As we talked about in the Matter topic, the downside to the phone being the TBR (or Matter controller) is that you would only be able to control Thread devices when you are directly connected to the Thread network. That would mean the devices could not communicate outside the Thread network if the phone were the only TBR for the network. And the phone would not be able to communicate with the devices remotely. A physical device serving as the TBR (or Matter controller) makes much more sense than the mobile device.

You could still control the thread Devices with other thread devices on the same network, even when the phone was away from home. You know my feeling on this as on most things: choice is good. :sunglasses:

Phillips Hue has already demonstrated that there is a market and use cases for devices which are only controlled locally with their Wiz Bluetooth line and their standalone dimmers. Whether it is single room lighting or something like a college student in a dorm room, some people will be just fine with only having app communication to the device when they are in fact home.

And if the devices are thread, then it’s easy enough for those people who do want away from home access to add a second thread border router, most typically a smart speaker.

So, sure, you get more functionality with a thread border router that stays in the location. But there are some people who are fine with the other configuration.


Thanks a lot for responding.

Is it possible to build a mobile app which connects to the existing hub manufacturers cloud/ server to get data of a device which is connected in the hubs network ??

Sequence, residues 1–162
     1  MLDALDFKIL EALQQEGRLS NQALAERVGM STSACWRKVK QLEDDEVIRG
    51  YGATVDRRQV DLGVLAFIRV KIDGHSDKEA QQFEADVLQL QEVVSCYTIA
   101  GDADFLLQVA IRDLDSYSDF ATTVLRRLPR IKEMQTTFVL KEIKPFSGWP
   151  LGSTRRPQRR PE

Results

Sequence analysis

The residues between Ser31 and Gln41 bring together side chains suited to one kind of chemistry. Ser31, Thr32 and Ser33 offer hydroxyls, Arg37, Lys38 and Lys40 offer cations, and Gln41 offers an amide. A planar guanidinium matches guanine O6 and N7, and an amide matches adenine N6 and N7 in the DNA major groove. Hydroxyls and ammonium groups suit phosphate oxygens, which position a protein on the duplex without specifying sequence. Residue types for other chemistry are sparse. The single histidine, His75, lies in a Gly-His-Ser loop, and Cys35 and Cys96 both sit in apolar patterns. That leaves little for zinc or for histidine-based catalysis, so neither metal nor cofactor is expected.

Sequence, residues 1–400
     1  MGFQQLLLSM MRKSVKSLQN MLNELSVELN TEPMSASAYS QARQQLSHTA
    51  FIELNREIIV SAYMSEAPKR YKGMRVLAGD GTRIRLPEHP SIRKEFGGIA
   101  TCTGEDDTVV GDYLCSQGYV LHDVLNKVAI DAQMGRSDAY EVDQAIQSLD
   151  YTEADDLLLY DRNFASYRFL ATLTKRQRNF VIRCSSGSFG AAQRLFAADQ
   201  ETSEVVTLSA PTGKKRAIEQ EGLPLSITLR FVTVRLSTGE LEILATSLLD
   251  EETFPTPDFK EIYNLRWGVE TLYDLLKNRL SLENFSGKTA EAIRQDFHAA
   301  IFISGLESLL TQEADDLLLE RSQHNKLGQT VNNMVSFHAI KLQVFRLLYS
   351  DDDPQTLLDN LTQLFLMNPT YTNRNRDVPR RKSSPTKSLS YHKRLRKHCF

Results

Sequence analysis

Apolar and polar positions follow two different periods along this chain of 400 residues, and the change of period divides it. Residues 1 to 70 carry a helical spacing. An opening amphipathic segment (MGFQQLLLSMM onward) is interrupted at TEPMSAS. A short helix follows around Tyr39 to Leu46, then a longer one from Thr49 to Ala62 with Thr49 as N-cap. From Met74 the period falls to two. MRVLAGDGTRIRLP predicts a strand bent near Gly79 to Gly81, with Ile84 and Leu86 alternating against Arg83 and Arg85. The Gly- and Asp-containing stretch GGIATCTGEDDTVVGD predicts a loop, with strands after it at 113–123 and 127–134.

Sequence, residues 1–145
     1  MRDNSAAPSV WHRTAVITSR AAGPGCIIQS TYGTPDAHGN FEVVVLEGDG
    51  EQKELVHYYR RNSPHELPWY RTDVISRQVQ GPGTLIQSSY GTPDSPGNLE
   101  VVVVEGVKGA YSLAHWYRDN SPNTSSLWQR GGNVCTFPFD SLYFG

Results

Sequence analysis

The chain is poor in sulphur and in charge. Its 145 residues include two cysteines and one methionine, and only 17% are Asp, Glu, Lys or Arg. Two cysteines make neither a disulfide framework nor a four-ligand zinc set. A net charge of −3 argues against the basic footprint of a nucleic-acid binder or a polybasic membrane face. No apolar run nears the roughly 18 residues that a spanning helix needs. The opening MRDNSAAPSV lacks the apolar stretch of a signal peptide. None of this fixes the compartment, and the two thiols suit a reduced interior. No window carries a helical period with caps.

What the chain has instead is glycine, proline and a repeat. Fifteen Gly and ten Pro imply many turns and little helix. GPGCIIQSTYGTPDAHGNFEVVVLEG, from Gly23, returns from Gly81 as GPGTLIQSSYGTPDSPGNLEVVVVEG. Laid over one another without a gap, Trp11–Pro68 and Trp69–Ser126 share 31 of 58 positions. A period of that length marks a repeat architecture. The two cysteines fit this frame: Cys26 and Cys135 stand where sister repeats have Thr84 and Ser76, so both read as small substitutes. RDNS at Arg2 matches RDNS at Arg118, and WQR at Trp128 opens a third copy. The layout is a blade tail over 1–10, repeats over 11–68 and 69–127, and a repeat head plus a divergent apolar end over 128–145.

The idea is our (end device manufacturer) mobile app should be able to CHANGE the parameters of our device which is connected to the user’s Z-Wave network.

I would say no for SmartThings but I’m not familiar with most of the other hub manufacturers besides Vera. I think @JDRoberts would be able to give you a more in depth answer on this one.

To get data, sure, as long as the company running the cloud service has published their API. Which SmartThings has. They provide lots of details about this in their developer documentation. You can see The end effect in some popular third-party apps which already do this for SmartThings, like sharptools and action tiles. (You can’t see their actual code as both are kept private. But you can certainly see the proof of concept.)

And here’s the official schema for how this works:

The idea is our (end device manufacturer) mobile app should be able to CHANGE the parameters of our device which is connected to the user’s Z-Wave network.

Maybe, it depends on the device, but in SmartThings this usually Requires that the Z wave device be using a custom edge driver installed on that particular hub. It’s not a general feature of the SmartThings platform. And regardless of the brand of the hub, this will probably work much better with a mains powered device. Many battery powered zwave devices will not accept a configuration change immediately, but instead queue them up and apply them once a day (to save battery life). And some Z wave devices require that you perform a specific physical action on the device, usually some kind of tap pattern, before it will accept a configuration change.

So it might be doable, but it may require additional physical actions on the part of the end user, and it’s not necessarily simple. :thinking:

If you are designing a mains powered device which needs frequent reconfiguration, I would recommend Wi-Fi instead of z wave or Zigbee.

I should note that “parameters” has a very specific meaning in Z wave and it is different from the “control“ that you were first asking about.
Take a light switch that is a dimmer.
Changing the brightness from 50% to 75% is changing the “level“ or “state” of the device. It is NOT changing the “parameters. “
Changing how quickly the light turns off when you set it to 0% brightness is changing a “parameter,“ in this case, the “fade rate.“
The brightness level is just the result of a single command sent to the Z wave device.
The fade rate is the result of a parameter value stored in the firmware of the device.
State changes should definitely be possible just using the SmartThings API.
Parameter changes require reconfiguring the device, typically a more complex process that requires a custom edge driver and may require physical manipulation of the device.
So as you are researching, be careful to check whether what you are reading is talking about changing the state or changing “parameters.” This is an important distinction in Z wave.